I'll respond to this as this seems like the crux of your argument. One likes to believe that our rights are inalienable given to us by our creator, but lets face it, men wrote these rights and it is men and women who challenge them all the time. I don't mind your point of view, but to suggest that this is the correct ruling simply because a judge saw it that way is an appeal to authority and not a very experienced form of debate. I approached this debate from the unpopular point of view, taking the man's side. I certainly see what your argument is, and what that of the Mother's is, and it does have merit, however my main goal in reaching out to AGENTJ is to help him realize that he can't simply "Factually this and factually that" his way out of an engaging topic of discussion. He appeals to authority ALL THE DAMN TIME. I am a father of four and I was there for everyone of my children's births. The days of men sitting in the waiting room smoking cigars are over in case ya didn't know. Men are encouraged to be with their partners and modern women want them there.

    The deeper discussion point was when does a persons fundamental right trump another's? In this case both have a fundamental right to privacy. They both have a fundamental right to be a parent, free of interference from anyone less a clear and present material harm to the child. So, you're suggesting that he doesn't have a right to be a parent because you claim he is not necessarily the parent or would need to establish paternity. To my understanding this point was never contested by the mother, nor was there any allegations of abuse or anything remotely close to that. There are several intriguing legal questions here. One, simply having a right to privacy is not where it ends. We see that everyday, our privacy rights are stripped from us and sometimes we don't even know it. In order to bring a legal challenge to privacy rights one needs to demonstrate that insodoing a greater good is achieved. In the case at hand, the father would need to demonstrate that his right of parenting and being there at the birth of his child, outweighed her right to not have him there - her right to privacy. On its face as was demonstrated in this thread, people were quick to jump on this guy for bringing such a suit in the first place. I can see and I appreciate that point of view as I too share it. If my partner did not want me there I would not be there, and I would respect her wishes. But in this case the father had no relationship with the mother, only the unborn child. Some may try and assume what his motivations are/were, but we're simply not that good. I can envision several scenarios where his intentions were nothing but benign, but since we do not really know, I prefer to not speculate and take him at his word.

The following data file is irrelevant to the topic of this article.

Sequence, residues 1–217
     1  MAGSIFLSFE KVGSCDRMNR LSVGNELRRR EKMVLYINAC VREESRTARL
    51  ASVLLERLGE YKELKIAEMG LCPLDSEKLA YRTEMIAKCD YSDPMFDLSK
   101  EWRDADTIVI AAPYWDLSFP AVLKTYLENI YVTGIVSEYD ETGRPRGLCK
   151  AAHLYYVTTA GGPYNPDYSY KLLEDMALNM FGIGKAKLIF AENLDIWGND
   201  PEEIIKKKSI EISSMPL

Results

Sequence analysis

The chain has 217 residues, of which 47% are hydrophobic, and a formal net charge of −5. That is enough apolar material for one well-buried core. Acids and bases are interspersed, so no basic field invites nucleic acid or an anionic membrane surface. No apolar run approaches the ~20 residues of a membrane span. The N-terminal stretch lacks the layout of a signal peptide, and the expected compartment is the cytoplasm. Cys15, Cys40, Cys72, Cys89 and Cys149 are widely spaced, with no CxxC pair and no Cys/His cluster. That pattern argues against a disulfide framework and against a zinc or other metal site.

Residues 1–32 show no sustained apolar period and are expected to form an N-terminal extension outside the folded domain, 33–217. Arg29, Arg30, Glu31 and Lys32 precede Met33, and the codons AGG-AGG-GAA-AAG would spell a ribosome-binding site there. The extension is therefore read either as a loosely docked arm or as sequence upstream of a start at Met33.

So I thought this presented an interesting conundrum for the legal system. AGENTJ claims to support pro human rights, but isn't an unborn human child, human? He contradicts himself in his own tagline since he supports pro choice or the right of a mother to kill her unborn human child. No equal protection for the unborn human, no rights really at all. No rights of the father, only the rights of a mother whom is free to do what she wishes, even if that means killing a child that has no voice, and even if it does have the voice of a father, her rights trump all others. I find that unpalatable frankly, and it needs to change. Back to the subject, I wanted to know that in lacking any evidence of violence, abuse or anything that would otherwise cause this woman any detriment to her health, why would the court not use lack of these contextually significant extenuating circumstances to form an opinion consistent with any other legal precedence when adjudicating conflicting rights, or rights in general? Rights as I said earlier in this thread are predicated in the common law understanding that by not giving them a material harm would come to the person not receiving them. Common laws act in a similar manner, and the principles of justice perform the same function. So, my question which I thought was a legitimate question was, outside of any context showing material harm coming to mother, what harm was there for Dad being there to witness the birth of his child? I am not aware of the reasons and facts surrounding their breakup in the first place but I have known where the birth of a child experienced together can often mend relationship woes, even if only temporarily.

    Either way, I respect other's opinions on this, and I generally share them from a personal standpoint, but I think the questions deserved asking, and further to explore the philosophical implications on each party to the suit, including that of the unborn human who has zero rights and no voice.


    Tim-